To develop an efficient procedure for obtaining a desired mutation, we performed ion beam exposure on tobacco anthers and selected Potato Virus Y (PVY)-resistant mutants in the haploid generation. Anthers were exposed to C ion beams of 5 to 200Gy or He ion beams of 5 to 400Gy, and cultured on modified Nakata's medium. Anther culture response, the percentage of anthers producing plantlets, was markedly reduced by the exposure and, at higher doses, all plantlets were vitrified. RD50 based on the anther culture response was about 5Gy for C ion beams and about 10Gy for He ion beams. The frequency of mitotic cells with chromosome aberrations in root tips of plantlets derived from exposed anthers, ranged from 11.9% to 16.4%, compared to 3.1% in the control. All plants in the non-exposed regimen died within 21 days after inoculation of PVY. On the other hand, 15 of 472 plants in the exposed regimen were viable and continued to grow, with minor disease symptoms observed in some plants after 50 days. Accordingly, these plants were considered to be PVY-resistant. In particular, one plant showed no disease symptoms and grew vigorously.
Four hundred and six anther culture developed progeny plants of eight different families of Lolium perenne L. were evaluated for their ploidy level, genetic variation at isozyme loci and performance at field level. Seventy six percent of the total progeny plants were found to be diploids, (2n=14) but the rate of diploidization varied from family to family. The segregations of eight isozyme loci among the progeny families and their level of heterozygosity were assessed. The heterozygosity was found to be low for all, only one family segregated at four isozyme loci and the rest were even lower. The field performance of the artificial homozygous naturally out-breeding species was evaluated and none could survive to the extreme environmental conditions over the winter, however they grew under controlled conditions.
Electrofusion was conducted to use the embryogenic callus cells of satsuma mandarin (Citrus unshiu cv. ‘Juman’ unshiu) and mesophyll cells of yuzu (C. junos) and lemon (C.limon cv. ‘Eureka’ lemon). Two plants were regenerated from the combination of satsuma mandarin and yuzu, and one plant from that of satsuma mandarin and lemon. The plants had 18 chromosomes (2n=2×=18 in each parent), and showed the same nuclear rDNA fragment pattern as that of the mesophyll parent. The mitochondrial DNA analysis showed the presence of specific yuzu or lemon bands in addition to specific satsuma mandarin bands. From these results with morphological evidence, the regenerated plants were considered as cybrids with recombined mitochondrial DNA.
We investigated the differences between liquid- and air-heat shock (HS) treatments performed on transgenic Nicotiana plumbaginifolia leaves harboring Arabidopsis HSP18.2 promoter-GUS chimeric gene. The optimum temperatures for heat-induced GUS activity in leaves were 42°C for 2h in liquid-HS treatments, and 45°C for 2h in air-HS treatments. Thus, we found a great difference between the GUS activity in leaves exposed to HS in air and liquid.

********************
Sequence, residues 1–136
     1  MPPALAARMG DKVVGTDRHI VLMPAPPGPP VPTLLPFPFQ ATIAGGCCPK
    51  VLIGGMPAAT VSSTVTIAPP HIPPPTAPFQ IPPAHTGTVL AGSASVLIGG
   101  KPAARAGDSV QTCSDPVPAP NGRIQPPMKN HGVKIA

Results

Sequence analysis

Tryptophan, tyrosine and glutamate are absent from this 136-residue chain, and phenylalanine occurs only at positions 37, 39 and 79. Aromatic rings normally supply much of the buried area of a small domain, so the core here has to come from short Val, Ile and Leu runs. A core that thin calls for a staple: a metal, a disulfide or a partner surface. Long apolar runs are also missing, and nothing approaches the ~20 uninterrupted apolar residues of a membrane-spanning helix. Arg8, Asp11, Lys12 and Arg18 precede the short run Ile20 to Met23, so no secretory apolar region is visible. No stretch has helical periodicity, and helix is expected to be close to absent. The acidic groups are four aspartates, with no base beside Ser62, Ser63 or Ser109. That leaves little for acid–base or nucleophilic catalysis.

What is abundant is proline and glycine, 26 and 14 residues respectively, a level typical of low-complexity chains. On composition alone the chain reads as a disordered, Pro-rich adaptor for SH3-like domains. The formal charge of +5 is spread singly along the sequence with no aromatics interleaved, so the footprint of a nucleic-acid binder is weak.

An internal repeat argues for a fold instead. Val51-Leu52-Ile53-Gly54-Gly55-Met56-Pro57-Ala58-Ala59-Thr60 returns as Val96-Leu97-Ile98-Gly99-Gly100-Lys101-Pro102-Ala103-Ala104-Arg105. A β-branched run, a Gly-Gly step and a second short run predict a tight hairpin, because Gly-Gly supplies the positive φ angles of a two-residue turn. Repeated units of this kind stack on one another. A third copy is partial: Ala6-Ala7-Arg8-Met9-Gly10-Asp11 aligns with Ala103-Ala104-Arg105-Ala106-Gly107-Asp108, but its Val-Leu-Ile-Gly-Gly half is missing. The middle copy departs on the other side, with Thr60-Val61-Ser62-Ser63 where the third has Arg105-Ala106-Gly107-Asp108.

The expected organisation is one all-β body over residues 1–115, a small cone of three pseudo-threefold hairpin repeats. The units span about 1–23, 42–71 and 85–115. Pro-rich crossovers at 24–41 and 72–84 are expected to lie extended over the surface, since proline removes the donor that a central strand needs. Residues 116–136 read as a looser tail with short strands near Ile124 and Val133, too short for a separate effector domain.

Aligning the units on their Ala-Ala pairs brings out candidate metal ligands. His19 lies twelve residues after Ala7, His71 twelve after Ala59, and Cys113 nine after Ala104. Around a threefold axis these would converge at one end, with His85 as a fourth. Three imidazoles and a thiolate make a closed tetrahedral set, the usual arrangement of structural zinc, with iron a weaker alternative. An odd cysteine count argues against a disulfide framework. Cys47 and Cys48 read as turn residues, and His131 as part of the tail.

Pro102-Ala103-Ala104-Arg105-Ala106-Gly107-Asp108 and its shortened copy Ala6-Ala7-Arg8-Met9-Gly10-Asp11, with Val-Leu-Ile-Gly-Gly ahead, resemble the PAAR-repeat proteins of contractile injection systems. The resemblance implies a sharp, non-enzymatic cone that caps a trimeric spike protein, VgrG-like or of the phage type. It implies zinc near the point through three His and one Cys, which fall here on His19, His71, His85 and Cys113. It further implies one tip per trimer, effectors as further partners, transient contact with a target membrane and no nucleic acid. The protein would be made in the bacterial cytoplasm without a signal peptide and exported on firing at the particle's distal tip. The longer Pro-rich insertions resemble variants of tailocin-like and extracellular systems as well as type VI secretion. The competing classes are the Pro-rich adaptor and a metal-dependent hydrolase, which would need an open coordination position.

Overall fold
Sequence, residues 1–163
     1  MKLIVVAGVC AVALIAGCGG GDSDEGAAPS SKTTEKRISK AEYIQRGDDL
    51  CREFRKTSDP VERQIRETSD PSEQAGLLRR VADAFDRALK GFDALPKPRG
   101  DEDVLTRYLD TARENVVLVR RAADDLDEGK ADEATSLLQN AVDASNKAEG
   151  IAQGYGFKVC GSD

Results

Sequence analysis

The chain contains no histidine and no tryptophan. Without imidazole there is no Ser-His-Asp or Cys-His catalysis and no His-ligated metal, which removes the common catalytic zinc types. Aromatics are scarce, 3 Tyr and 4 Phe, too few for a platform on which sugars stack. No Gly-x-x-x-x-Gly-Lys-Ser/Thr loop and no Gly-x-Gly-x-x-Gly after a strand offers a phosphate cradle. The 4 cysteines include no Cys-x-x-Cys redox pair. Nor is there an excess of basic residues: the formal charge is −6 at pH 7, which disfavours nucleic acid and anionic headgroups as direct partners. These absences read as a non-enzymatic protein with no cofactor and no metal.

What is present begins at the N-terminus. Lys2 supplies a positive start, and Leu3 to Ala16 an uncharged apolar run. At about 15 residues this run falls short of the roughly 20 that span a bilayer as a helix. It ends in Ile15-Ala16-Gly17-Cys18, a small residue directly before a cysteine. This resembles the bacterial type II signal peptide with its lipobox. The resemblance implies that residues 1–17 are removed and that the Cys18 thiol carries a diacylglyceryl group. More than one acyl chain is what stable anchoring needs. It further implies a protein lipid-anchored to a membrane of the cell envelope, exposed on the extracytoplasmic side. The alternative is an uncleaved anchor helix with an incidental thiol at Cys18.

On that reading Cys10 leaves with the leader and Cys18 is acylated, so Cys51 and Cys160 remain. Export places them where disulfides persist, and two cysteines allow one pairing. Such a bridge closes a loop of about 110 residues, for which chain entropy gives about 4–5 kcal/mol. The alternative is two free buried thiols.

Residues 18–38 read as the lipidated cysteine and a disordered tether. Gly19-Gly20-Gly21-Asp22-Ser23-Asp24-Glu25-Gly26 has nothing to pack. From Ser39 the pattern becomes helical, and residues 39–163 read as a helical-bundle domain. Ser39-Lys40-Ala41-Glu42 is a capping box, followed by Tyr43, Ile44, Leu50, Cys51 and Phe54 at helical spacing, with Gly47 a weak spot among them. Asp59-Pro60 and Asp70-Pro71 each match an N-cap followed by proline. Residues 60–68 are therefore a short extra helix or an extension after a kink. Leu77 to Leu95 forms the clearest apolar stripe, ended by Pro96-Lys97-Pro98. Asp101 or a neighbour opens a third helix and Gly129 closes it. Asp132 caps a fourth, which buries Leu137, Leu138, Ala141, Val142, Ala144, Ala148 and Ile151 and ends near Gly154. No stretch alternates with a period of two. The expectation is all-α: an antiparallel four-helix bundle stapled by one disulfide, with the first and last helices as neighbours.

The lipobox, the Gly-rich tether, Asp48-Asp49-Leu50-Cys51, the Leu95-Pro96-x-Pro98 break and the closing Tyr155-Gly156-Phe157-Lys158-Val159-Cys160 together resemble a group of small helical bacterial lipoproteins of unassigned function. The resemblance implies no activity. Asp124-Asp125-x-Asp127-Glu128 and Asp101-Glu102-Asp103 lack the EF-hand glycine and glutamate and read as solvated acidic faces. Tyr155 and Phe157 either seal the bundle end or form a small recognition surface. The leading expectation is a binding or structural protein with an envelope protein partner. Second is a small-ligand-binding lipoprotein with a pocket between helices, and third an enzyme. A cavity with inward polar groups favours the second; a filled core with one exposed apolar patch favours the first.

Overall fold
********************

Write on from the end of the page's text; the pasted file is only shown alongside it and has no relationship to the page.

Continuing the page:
The leaf disks of Nicotiana plumbaginifolia were irradiated by an 14N heavy-ion beam and then were cultured in shoot-inducing medium in order to produce mutants for elucidating the functions of the cell wall in plant morphogenesis. Non-organogenic and loosely attached callus, which had the same morphological features as non-embryogenic callus of carrot was formed on 11.8% of the haploid leaf disks irradiated by 14N heavy-ion beam (5 Gy) at high frequency. The cells stimulated by the heavy-ion beam loosely attached to each other resulting in a random morphology of cell clusters, whereas the non-irradiated cells formed a tight callus with multiple shoots.
Plant oxidosqualene cyclase (OSC) is classified into two types depeneding on its catalytic mechanisms and products: cycloartenol synthase and triterpene synthase. A cDNA probably encoding OSC was cloned from bulbs of Allium macrostemon by RT-PCR. The cDNA contains a 2289-by open reading frame, encoding 762 amino acids. A higher degree of homology (73%) was found for the gene product with the known cycloartenol synthases than with the triterpene synthases (51-55%), indicating its most likely function as cycloartenol synthase. This is the first cloning example of a putative cDNA encoding OSC from a monocotyledonous plant.
Differential display of immature anther cDNA was carried out between restorer and maintainer lines of [ms-bo] cytoplasmic male sterile rice. One clone (DD2-3) was identified to be specific to restorer line. However DD2-3 was mapped on the chromosome 11 and was not linked to fertility-restorer gene, Rf-1. Full length eDNA of DD2-3 was obtained and the predicted amino acid sequence contains leucine zipper structure, followed by nucleotide binding site (NBS) and leucine rich repeats (LRR). These structures are characteristics of the NBS-LRR class of plant disease-resistant genes. The transcripts of DD2-3 were detected in the anthers at the microspore stage and leaves.